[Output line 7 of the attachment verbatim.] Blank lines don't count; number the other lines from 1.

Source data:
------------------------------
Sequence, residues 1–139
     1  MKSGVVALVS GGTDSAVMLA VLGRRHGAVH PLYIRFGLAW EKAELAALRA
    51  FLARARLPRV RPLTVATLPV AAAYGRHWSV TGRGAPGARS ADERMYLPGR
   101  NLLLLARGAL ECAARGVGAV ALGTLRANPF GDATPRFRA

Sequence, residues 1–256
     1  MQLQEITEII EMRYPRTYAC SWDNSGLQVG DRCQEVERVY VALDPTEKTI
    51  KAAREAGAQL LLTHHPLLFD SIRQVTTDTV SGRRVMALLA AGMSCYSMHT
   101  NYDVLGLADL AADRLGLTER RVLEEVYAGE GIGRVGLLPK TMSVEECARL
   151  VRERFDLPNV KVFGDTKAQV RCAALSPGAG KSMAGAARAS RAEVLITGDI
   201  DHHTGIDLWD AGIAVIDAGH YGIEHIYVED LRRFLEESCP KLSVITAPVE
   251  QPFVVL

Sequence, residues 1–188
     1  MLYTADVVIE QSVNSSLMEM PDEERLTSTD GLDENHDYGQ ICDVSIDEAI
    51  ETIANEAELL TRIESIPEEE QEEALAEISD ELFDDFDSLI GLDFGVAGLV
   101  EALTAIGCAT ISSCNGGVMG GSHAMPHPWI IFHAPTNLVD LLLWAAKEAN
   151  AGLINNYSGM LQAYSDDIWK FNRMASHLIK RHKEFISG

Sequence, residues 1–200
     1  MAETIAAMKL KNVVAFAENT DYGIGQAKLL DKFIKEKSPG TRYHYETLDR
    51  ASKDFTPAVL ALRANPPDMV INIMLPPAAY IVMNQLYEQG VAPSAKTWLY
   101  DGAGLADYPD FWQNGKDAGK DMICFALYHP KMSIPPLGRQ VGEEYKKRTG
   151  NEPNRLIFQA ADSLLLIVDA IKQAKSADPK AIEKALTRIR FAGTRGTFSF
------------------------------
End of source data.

    51  KAAREAGAQL LLTHHPLLFD SIRQVTTDTV SGRRVMALLA AGMSCYSMHT